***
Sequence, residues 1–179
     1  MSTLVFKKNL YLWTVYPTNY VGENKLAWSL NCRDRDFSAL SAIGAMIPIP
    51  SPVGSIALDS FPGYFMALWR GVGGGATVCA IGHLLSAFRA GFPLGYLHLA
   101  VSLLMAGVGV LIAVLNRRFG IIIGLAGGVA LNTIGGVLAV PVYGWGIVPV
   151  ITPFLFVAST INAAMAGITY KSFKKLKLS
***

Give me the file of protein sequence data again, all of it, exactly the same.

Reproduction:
Sequence, residues 1–179
     1  MSTLVFKKNL YLWTVYPTNY VGENKLAWSL NCRDRDFSAL SAIGAMIPIP
    51  SPVGSIALDS FPGYFMALWR GVGGGATVCA IGHLLSAFRA GFPLGYLHLA
   101  VSLLMAGVGV LIAVLNRRFG IIIGLAGGVA LNTIGGVLAV PVYGWGIVPV
   151  ITPFLFVAST INAAMAGITY KSFKKLKLS